6th July 2022
It is the worst drought in 70 years and follows poor levels of winter snow and precious little rain since. The alpine areas are badly affected and it will impact on summer glacier skiing. NEW
Five northern regions including the main alpine areas of Lombardy, Piedmont and Veneto are affected.
The other two areas are Emilia-Romagna and Friuli Venezia Giulia.
There was 70% less snow than average last winter and therefore there has been little melt-water to fill the rivers and reservoirs.
The River Po, that stretches for more than 400 miles from the Alps in the west to Venice in the east, is badly affected.
The snow in the Alps in Piedmont and Lombardy has totally run out,” said Utilitalia, a federation of water companies.
We reported on situation earlier on PlanetSKI:
Central government has granted €36.5m (£31m) in emergency funds to tackle the water shortage.
“The state of emergency is aimed at managing the current situation with extraordinary means and powers,” said the Italian government.
Water rationing is already in force in places with no water allowed for non-domestic use and fines up to €500 for those who break the rules.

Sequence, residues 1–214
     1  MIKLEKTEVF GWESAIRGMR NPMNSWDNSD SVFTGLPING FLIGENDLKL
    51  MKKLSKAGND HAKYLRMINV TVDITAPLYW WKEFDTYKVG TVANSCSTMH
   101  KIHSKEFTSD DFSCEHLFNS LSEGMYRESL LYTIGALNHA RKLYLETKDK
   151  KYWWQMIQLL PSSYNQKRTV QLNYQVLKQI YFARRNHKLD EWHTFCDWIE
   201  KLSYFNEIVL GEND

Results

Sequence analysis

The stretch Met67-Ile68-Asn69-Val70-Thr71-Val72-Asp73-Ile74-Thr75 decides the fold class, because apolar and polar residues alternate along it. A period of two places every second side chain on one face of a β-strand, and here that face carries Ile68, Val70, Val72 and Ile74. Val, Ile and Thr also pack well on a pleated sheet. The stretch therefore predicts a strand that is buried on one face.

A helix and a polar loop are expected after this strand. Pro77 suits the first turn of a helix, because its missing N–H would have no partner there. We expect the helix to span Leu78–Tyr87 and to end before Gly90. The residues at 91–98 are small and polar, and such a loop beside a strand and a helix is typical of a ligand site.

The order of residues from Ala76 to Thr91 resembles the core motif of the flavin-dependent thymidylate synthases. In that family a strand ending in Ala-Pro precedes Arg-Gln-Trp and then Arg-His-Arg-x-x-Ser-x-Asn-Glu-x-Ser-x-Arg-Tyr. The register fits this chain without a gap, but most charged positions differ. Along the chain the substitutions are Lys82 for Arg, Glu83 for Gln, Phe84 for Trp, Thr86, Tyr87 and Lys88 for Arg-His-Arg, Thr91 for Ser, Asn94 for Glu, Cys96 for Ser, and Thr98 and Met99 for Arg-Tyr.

The situation is critical in Piedmont, where some areas haven’t seen any rain for nearly four months.
Water companies have asked mayors in 100 towns in Piedmont to suspend night time drinking water supplies to replenish reservoir levels.
The authorities say further measures may be taken.
Summer skiing is underway in the glacier resort of Passo Selvio, but there are concerns for other areas that are set to open later in the summer.
Warm temperatures have led to deteriorating conditions with no snowfall to top up conditions.
The drought threatens more than 30% of Italy’s agricultural produce much of which comes from the north.
The ski area of the Aosta Valley is affected, but not as badly as the other regions.
The change in the climate is also likely responsible for a glacier collapse in the Dolomites last weekend.
8 people are confirmed dead and the search for survivors continues.